In Christ,

    • mtsweat says:

      Very lengthy… I mean “very thorough” response. 🙂 I do agree with all of your response, and it is a very helpful addition. Especially in the context of your statement, “Ultimately, the message He is getting at is not to put anything, including wealth, above God.”

      I think part of “not putting anything above God” includes opening our eyes to see the needs surrounding us (laid at our gate), yes ultimately spiritual, but also physical. While I agree that in the original context , the Pharisees are the recipients of Jesus’ words, it is not difficult to see the application available to we of western culture, for it is just as easy to become wrapped up in doing church, and overlook Lazarus in his pain and poverty. If we do so, we are no different than the rich man in the story, don’t you think?

      • Raul Lopez says:


        There are two subjects that you seem to be approaching. Biblical interpretation and biblical application are two different things though application must be tied to interpretation. The problem here is that people tend to assume that a particular application to a passage of scripture is the interpretation of that scripture. Lauren hit the interpretation pretty much on the head here since the hearers are accounted for and the ‘story’ follows what the hearer’s problems were.

        As for applying this, there are many applications and Jesus may be teaching many things here but any application given to the passage of scripture MUST fall in line with the passage’s interpretation. As a quick example, this parable has nothing to do with uh… sexual immorality, for example. The applications of this passage must follow in accord with the interpretation… such as… as an example… is there ‘soul sleep’. This passage, though not specifically talking about ‘soul sleep’, does give evidence that ‘soul sleep’ is not probable in the least (and I venture to say not possible). Nevertheless, though I may apply the passage as an apologetic to the doctrine of ‘soul sleep’, the interpretation has little to nothing to do with the subject but… the interpretation does give evidence to the contrariwise idea against ‘soul sleep’.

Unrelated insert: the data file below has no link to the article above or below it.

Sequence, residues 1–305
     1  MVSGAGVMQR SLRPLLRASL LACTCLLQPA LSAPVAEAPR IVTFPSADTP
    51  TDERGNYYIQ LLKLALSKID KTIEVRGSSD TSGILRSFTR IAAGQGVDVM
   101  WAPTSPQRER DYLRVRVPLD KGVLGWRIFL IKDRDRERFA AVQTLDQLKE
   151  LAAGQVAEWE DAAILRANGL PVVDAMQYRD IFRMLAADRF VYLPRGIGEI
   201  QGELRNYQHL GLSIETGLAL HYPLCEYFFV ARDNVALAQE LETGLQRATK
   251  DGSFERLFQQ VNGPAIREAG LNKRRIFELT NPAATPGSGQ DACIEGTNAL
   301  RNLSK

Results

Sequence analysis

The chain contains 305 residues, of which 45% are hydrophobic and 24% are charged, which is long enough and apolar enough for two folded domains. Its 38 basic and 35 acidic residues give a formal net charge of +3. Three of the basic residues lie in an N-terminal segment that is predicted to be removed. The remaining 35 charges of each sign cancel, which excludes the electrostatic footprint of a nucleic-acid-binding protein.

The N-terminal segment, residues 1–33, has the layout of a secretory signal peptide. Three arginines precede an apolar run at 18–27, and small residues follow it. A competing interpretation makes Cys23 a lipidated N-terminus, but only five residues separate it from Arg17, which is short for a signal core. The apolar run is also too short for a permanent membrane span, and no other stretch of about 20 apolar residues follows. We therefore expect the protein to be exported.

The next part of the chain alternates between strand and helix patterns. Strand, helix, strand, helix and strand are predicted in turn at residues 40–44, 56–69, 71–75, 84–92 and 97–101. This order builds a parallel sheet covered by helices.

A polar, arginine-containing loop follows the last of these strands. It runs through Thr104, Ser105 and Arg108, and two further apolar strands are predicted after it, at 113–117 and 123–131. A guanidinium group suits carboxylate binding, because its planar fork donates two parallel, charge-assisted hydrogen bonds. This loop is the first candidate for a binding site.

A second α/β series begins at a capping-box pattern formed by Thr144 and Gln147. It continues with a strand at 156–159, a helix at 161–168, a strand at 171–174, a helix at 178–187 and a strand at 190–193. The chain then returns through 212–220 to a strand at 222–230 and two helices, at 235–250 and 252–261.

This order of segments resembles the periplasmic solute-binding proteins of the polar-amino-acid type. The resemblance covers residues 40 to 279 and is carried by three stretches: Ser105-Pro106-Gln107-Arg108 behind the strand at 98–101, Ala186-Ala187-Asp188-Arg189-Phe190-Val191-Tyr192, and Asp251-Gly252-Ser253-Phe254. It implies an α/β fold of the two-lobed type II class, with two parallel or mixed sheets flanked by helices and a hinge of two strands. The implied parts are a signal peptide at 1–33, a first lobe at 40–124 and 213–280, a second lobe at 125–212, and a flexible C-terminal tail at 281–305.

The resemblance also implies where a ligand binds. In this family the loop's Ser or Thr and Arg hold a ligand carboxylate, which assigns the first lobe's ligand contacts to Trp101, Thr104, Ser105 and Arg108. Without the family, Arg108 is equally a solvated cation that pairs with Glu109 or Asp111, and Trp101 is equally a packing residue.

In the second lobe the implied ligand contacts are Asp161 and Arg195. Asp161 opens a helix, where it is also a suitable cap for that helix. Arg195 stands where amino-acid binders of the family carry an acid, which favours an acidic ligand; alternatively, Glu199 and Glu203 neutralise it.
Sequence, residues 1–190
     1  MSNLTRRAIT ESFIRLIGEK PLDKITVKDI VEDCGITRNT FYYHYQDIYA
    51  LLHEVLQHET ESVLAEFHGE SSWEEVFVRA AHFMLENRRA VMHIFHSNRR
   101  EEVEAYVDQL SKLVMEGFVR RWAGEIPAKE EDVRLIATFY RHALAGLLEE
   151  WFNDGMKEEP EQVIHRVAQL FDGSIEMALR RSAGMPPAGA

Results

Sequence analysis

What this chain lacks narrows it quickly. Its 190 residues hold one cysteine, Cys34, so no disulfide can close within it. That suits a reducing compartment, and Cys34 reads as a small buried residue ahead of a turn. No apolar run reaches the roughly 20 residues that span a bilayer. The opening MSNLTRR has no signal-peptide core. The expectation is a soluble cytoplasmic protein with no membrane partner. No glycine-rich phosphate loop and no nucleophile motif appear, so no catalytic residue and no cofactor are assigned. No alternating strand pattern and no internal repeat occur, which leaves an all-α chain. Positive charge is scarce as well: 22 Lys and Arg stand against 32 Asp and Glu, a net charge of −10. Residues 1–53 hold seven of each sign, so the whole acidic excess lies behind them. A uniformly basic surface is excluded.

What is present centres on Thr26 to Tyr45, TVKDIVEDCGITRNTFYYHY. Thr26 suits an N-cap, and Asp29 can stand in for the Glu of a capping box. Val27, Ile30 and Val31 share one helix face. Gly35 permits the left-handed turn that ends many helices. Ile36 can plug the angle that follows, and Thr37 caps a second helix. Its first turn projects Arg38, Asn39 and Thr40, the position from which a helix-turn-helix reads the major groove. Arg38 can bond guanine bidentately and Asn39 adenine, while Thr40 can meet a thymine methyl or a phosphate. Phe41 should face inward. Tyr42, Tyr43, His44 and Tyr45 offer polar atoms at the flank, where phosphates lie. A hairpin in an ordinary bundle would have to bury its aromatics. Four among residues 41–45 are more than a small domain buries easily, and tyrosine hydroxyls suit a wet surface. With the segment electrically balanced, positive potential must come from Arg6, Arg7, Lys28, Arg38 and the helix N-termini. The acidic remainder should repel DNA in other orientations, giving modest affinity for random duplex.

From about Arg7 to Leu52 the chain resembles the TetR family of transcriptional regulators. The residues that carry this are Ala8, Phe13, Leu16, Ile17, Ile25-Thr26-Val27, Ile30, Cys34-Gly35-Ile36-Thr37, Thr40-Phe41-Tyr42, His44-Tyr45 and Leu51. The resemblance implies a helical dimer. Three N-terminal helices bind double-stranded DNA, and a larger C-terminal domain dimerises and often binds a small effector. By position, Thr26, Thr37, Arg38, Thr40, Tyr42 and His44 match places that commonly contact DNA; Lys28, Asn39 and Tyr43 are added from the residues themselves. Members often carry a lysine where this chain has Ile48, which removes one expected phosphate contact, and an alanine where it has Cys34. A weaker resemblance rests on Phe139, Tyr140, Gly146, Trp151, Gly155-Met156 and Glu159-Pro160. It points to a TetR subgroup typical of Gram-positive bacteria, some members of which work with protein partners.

Hope that helped.

        • mtsweat says:

          Interesting. Thank you for the valuable input and for taking the time to share your thoughts. Very true that we cannot apply before knowing first what was said and who it was said to and what was meant for those original listeners. I do have to ask though, in the context of this passage, do you see an application for us today regarding the poor?

          • Raul Lopez says: